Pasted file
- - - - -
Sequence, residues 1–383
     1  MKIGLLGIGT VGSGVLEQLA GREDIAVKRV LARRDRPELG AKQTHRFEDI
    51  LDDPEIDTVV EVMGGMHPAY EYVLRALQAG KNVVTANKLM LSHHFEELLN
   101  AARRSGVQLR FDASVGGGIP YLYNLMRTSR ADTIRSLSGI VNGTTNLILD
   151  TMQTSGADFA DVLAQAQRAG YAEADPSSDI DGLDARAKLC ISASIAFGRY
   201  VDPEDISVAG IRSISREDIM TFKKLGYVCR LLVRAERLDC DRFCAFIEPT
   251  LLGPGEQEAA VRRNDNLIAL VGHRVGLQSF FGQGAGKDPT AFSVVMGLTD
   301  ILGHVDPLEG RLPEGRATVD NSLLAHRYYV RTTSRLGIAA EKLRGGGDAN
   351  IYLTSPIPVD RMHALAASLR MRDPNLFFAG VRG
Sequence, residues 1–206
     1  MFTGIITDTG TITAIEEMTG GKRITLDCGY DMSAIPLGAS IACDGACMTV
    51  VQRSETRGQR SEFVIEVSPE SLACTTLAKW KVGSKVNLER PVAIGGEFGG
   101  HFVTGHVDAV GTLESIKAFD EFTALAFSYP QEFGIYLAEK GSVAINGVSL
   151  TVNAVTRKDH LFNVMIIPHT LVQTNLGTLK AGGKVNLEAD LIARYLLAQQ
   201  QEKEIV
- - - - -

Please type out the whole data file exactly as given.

Sequence, residues 1–383
     1  MKIGLLGIGT VGSGVLEQLA GREDIAVKRV LARRDRPELG AKQTHRFEDI
    51  LDDPEIDTVV EVMGGMHPAY EYVLRALQAG KNVVTANKLM LSHHFEELLN
   101  AARRSGVQLR FDASVGGGIP YLYNLMRTSR ADTIRSLSGI VNGTTNLILD
   151  TMQTSGADFA DVLAQAQRAG YAEADPSSDI DGLDARAKLC ISASIAFGRY
   201  VDPEDISVAG IRSISREDIM TFKKLGYVCR LLVRAERLDC DRFCAFIEPT
   251  LLGPGEQEAA VRRNDNLIAL VGHRVGLQSF FGQGAGKDPT AFSVVMGLTD
   301  ILGHVDPLEG RLPEGRATVD NSLLAHRYYV RTTSRLGIAA EKLRGGGDAN
   351  IYLTSPIPVD RMHALAASLR MRDPNLFFAG VRG
Sequence, residues 1–206
     1  MFTGIITDTG TITAIEEMTG GKRITLDCGY DMSAIPLGAS IACDGACMTV
    51  VQRSETRGQR SEFVIEVSPE SLACTTLAKW KVGSKVNLER PVAIGGEFGG
   101  HFVTGHVDAV GTLESIKAFD EFTALAFSYP QEFGIYLAEK GSVAINGVSL
   151  TVNAVTRKDH LFNVMIIPHT LVQTNLGTLK AGGKVNLEAD LIARYLLAQQ
   201  QEKEIV